Branford Marsalis’s Justin Faulkner
On Tour & On Stage Making It Work On The Road
by Ken Micallef
photo courtesy of Zildjian
This month we ask seven road dogs about the ups and downs of life on tour, and for useful tips on everything from dealing with odd personalities on the bus to working with a click track live to choosing the right gear for the long haul. Listen up—it’s the kind of stuff that can help make your next gig or tour a dream rather than a nightmare.
How does a teenage newcomer follow one of the most heralded drummers in modern jazz history? Follow the song, kid, follow the song.
At the fresh-faced age of eighteen, Justin Faulkner has not only replaced one of the premier drummers in jazz, he’s landed one of the idiom’s most cherished gigs. And he has yet to record a single record.
Jeff “Tain” Watts manned Branford Marsalis’s titanium-plated drum throne for longer than most of us can remember, but sometime in early ’09 Marsalis tapped Faulkner for the gig, and the newly enrolled Berklee College Of Music freshman never looked back.
A simple YouTube search shows Faulkner burning with various leaders, but his relatively new gig with Marsalis has taught the young gun secrets about improvisation, song form, and relying on instinct—all necessary tools for live music presentation.
“I’ve never had a rehearsal with Branford,” Faulkner reveals from his hometown of Philadelphia. “We just play. We don’t do soundchecks; we don’t do any of that stuff. Sometimes Branford hands me charts. Other times he sends me the records and says, ‘Learn this.’ He taught me a method where instead of trying to figure out everything, I’m basing the song forms on the melody and the bass. Branford says the song will tell you what it needs in order to make it a good song. The song will tell you where the next large downbeat should be.”
Faulkner has been playing jazz around Philly for most of his teenage years—since the age of three, in fact— and he’s studied both privately and at local institutions. (In addition to drums he plays orchestral percussion.) He played his first gig with Marsalis in San Antonio when he was only sixteen, but the initial results were so poor, due to drastic tempo shifts, that the tenor saxophonist simply said, “Better luck next time, kid.” But he knew Faulkner had something special. Later that same night the Marsalis band, including bassist Eric Revis and pianist Larry Goldings, played one of Tain’s signature tunes, “Samo.” Faulkner acquitted himself well and earned the nickname “the Assassin.” “Branford keeps me on my game,” Justin laughs.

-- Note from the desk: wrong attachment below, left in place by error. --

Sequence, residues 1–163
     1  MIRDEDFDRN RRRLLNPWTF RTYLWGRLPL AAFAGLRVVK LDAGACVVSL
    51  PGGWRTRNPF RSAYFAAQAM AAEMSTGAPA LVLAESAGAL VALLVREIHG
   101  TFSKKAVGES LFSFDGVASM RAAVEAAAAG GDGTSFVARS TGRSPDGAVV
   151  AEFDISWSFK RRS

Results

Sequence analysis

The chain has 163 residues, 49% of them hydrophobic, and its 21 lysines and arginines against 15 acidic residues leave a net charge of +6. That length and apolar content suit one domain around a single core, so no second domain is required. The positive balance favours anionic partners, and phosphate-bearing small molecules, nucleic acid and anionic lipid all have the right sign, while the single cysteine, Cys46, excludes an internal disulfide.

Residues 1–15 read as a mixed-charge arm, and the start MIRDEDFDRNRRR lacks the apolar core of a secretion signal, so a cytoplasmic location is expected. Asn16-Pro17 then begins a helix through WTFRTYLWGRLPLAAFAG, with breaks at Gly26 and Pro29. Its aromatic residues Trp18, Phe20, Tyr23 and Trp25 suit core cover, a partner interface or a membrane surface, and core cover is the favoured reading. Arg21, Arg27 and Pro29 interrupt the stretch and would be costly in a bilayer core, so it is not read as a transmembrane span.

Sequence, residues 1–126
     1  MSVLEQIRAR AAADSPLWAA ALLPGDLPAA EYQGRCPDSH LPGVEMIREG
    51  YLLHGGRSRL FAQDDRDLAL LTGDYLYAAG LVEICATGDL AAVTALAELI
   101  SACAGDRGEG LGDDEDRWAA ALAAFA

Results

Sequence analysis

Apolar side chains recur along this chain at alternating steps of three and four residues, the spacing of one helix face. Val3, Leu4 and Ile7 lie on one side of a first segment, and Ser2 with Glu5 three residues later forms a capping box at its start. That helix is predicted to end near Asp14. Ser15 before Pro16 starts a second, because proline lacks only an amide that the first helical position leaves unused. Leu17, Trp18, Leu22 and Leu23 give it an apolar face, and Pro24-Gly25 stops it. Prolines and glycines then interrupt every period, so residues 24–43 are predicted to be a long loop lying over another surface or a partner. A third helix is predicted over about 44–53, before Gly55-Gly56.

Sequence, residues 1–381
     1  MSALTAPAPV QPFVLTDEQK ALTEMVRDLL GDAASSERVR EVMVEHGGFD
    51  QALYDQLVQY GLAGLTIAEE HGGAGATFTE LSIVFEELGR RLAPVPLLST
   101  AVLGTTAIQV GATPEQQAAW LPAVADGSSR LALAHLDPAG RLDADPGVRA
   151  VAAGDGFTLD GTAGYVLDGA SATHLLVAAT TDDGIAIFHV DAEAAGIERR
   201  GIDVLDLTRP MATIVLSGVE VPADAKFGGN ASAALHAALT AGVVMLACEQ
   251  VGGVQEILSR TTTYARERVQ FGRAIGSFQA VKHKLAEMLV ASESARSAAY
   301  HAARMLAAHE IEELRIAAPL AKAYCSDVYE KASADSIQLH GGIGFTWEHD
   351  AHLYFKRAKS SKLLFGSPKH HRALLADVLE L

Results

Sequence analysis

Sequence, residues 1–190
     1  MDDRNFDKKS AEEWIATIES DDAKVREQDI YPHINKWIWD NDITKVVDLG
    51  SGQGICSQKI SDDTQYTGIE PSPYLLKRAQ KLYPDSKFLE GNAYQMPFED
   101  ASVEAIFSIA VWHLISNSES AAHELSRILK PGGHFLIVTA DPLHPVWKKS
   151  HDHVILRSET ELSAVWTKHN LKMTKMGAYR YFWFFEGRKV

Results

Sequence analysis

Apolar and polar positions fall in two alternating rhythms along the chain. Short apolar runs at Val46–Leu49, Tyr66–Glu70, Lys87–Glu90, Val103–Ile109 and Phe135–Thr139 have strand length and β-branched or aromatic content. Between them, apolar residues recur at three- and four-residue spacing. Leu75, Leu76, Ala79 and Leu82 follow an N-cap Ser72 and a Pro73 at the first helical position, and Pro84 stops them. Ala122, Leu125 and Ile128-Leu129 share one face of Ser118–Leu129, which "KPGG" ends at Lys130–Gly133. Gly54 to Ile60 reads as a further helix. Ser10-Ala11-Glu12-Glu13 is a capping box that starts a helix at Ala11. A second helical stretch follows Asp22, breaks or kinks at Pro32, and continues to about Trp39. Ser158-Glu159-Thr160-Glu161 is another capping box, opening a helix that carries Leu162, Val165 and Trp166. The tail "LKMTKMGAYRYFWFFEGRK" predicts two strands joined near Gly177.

Befitting his role in a band that never practices or rehearses, Faulkner includes prayer as a part of his warm-up routine. After listening to Marsalis blow his tenor on classical compositions preshow, the drummer typically returns to his room for spiritual reflection and a little focused practice.
First, for the soul: “I do a short prayer; that’s the first thing,” Faulkner says. “That’s the center of my playing. Kendrick Scott has a prayer on all of his sticks. I ask that the music become one with me and that the drums become an extension of me. That reminds me that it’s not about me. It helps me to not overplay and to complement whoever is soloing.”